Medical Marijuana : The particular Argument Rages About

Marijuana can be referred to as pot, grass and weed but its formal name is really cannabis. It arises from the leaves and flowers of the plant Cannabis sativa. It is considered an illegal substance in the US and many countries and possession of marijuana is an offense punishable by law. The FDA classifies marijuana as Schedule I, substances which employ a high potential for abuse and don’t have any proven medical use. Over the years several studies declare that some substances present in marijuana have medicinal use, especially in terminal diseases such as for instance cancer and AIDS. This started a fierce debate over the good qualities and cons of the usage of medical marijuana. To settle this debate, the Institute of Medicine published the famous 1999 IOM report entitled Marijuana and Medicine: Assessing the Science Base. The report was comprehensive but did not offer a clear cut yes or no answer. The opposite camps of the medical marijuana issue often cite part of the report within their advocacy arguments. However, even though report clarified a lot of things, it never settled the controversy once and for all.

Let’s look at the conditions that support why medical marijuana must be legalized.

(1) Marijuana is really a naturally occurring herb and has been used from South America to Asia being an herbal medicine for millennia. In this very day and age once the all natural and organic are important health buzzwords, a naturally occurring herb like marijuana may be more inviting to and safer for consumers than synthetic drugs.

(2) Marijuana has strong therapeutic potential. Several studies, as summarized in the IOM report, have observed that cannabis can be used as analgesic, e.g. to treat pain. Several studies revealed that THC, a marijuana component works well in treating chronic pain experienced by cancer patients. However, studies on acute pain such as for instance those experienced during surgery and trauma have inconclusive reports. Several studies, also summarized in the IOM report, have demonstrated that some marijuana components have antiemetic properties and are, therefore, effective against nausea and vomiting, which are normal side effects of cancer chemotherapy and radiation therapy. Some researchers are convinced that cannabis has some therapeutic potential against neurological diseases such as for instance multiple sclerosis. Specific compounds extracted from marijuana have strong therapeutic potential. Cannobidiol (CBD), an important component of marijuana, has been shown to possess antipsychotic, anticancer and antioxidant properties. Other cannabinoids have now been shown to prevent high intraocular pressure (IOP), an important risk factor for glaucoma. Drugs which contain active ingredients contained in marijuana but have now been synthetically stated in the laboratory have now been approved by the US FDA. One of these is Marinol, an antiemetic agent indicated for nausea and vomiting connected with cancer chemotherapy. Its active component is dronabinol, a manufactured delta-9- tetrahydrocannabinol (THC).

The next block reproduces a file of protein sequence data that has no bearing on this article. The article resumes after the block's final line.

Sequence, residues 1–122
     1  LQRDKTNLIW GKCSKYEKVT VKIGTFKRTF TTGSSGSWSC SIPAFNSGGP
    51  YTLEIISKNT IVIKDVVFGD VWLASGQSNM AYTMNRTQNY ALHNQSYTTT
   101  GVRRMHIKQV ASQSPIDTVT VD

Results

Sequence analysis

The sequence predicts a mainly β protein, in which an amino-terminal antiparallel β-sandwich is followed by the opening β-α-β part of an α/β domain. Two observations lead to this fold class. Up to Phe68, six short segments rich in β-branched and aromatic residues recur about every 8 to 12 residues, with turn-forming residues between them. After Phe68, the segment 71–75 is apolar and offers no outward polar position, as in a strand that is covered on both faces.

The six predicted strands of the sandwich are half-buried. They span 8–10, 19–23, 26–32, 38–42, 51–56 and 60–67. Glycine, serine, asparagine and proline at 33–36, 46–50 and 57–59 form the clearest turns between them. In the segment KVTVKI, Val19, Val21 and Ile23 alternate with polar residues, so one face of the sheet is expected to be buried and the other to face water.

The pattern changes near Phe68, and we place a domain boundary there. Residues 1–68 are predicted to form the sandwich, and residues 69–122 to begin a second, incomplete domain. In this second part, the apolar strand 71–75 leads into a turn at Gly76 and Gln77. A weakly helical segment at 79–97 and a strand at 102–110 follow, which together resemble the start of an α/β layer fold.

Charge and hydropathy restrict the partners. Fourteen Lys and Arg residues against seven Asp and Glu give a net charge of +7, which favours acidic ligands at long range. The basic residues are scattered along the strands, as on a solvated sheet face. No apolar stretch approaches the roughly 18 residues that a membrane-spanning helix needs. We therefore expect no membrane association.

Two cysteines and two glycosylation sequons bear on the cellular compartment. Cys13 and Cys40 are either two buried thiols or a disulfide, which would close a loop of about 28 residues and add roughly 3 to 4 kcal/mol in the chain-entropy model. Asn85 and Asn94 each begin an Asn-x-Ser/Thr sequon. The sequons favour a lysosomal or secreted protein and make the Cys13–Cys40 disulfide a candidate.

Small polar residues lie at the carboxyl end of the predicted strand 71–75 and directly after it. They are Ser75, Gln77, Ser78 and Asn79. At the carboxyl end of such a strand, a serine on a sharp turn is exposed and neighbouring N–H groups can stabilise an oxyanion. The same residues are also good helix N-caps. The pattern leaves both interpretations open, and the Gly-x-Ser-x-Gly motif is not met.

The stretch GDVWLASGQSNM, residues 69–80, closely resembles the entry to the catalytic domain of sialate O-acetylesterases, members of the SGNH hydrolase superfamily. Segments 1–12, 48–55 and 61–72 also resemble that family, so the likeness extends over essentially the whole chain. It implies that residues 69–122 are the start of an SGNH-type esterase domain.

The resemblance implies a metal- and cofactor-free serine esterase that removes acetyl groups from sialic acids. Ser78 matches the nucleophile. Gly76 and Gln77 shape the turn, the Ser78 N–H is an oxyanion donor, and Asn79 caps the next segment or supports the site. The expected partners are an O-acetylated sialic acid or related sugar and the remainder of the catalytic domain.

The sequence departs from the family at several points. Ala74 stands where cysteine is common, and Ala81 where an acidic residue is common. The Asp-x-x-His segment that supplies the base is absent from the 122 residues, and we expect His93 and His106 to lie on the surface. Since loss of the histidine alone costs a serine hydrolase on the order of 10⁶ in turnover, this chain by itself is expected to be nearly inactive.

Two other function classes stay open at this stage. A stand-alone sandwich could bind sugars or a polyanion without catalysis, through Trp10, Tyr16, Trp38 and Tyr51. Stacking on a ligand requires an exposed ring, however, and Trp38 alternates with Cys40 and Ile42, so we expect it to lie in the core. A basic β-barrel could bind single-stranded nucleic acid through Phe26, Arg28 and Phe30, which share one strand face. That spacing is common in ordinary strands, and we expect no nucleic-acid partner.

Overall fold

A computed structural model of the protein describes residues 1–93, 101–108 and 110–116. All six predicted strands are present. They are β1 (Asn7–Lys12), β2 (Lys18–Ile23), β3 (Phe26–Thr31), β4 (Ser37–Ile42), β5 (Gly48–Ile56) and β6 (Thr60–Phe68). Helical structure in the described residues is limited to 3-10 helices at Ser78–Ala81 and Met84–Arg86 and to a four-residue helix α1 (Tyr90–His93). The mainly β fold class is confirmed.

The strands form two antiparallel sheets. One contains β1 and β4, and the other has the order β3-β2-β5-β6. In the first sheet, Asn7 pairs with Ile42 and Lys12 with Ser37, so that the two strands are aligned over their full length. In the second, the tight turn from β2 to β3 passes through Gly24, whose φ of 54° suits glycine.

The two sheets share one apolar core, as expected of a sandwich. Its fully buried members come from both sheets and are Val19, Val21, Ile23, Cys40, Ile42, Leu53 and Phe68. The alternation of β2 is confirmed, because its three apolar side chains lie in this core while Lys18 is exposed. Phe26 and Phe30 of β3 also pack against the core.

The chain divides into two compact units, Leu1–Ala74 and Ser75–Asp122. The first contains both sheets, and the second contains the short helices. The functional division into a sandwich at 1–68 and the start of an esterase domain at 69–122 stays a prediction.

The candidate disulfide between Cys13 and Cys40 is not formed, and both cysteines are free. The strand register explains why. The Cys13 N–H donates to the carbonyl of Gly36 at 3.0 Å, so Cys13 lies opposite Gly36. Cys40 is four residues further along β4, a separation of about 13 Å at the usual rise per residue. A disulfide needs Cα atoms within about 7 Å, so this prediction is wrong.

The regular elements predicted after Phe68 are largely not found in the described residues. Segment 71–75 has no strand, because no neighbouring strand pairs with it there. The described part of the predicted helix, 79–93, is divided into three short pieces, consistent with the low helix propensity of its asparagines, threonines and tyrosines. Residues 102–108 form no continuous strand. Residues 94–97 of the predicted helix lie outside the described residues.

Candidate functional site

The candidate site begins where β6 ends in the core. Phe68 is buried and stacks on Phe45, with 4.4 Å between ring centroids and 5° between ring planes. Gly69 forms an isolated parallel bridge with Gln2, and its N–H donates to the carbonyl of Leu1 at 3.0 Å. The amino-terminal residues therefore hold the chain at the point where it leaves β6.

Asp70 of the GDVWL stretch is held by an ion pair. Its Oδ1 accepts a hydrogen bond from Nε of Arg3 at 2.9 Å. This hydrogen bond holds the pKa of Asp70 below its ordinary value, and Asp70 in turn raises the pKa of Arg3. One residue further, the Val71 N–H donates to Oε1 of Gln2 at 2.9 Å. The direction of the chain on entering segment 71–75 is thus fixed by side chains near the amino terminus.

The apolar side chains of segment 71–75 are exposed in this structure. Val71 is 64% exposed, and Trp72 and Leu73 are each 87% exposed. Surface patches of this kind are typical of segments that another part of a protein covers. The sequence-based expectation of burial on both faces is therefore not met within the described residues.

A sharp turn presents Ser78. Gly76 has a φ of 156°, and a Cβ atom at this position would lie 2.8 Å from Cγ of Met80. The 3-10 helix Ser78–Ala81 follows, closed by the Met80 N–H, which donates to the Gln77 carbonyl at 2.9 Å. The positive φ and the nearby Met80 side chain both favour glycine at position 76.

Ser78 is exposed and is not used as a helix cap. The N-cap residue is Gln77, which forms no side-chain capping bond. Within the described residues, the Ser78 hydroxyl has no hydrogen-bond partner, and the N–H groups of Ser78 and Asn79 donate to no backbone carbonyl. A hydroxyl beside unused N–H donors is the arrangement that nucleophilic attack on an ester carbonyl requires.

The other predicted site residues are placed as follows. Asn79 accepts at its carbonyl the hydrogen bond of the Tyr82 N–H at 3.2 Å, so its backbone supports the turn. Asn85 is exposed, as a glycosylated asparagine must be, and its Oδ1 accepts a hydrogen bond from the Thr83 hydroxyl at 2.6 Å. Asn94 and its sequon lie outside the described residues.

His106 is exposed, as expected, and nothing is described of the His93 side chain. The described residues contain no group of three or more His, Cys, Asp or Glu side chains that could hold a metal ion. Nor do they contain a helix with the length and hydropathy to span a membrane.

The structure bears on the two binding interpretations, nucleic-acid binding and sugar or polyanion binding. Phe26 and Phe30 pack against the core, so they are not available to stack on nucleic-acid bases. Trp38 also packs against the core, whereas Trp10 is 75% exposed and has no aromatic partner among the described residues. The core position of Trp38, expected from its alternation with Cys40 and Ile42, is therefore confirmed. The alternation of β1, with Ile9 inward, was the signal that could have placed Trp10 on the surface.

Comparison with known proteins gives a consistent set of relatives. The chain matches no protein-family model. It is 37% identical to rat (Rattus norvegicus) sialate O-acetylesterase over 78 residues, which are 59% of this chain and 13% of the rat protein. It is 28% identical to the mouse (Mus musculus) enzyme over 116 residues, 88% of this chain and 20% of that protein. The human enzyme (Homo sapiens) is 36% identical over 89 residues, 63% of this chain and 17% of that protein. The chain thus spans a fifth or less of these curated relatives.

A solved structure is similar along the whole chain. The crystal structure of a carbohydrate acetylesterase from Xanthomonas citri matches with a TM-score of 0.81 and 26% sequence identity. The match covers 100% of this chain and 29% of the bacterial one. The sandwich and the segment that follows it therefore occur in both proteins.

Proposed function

(3) Among the major proponents of medical marijuana is the Marijuana Policy Project (MPP), a US-based organization. Many medical professional societies and organizations have expressed their support. For example, The American College of Physicians, amsterdam weed for sale recommended a re-evaluation of the Schedule I classification of marijuana within their 2008 position paper. ACP also expresses its strong support for research into the therapeutic role of marijuana in addition to exemption from federal criminal prosecution; civil liability; or professional sanctioning for physicians who prescribe or dispense medical marijuana in respect with state law. Similarly, protection from criminal or civil penalties for patients who use medical marijuana as permitted under state laws.

(4) Medical marijuana is legally utilized in many developed countries The argument of if they are able to do it, why not us? is another strong point. Some countries, including Canada, Belgium, Austria, the Netherlands, the United Kingdom, Spain, Israel, and Finland have legalized the therapeutic use of marijuana under strict prescription control. Some states in the US are also allowing exemptions.

Now here are the arguments against medical marijuana.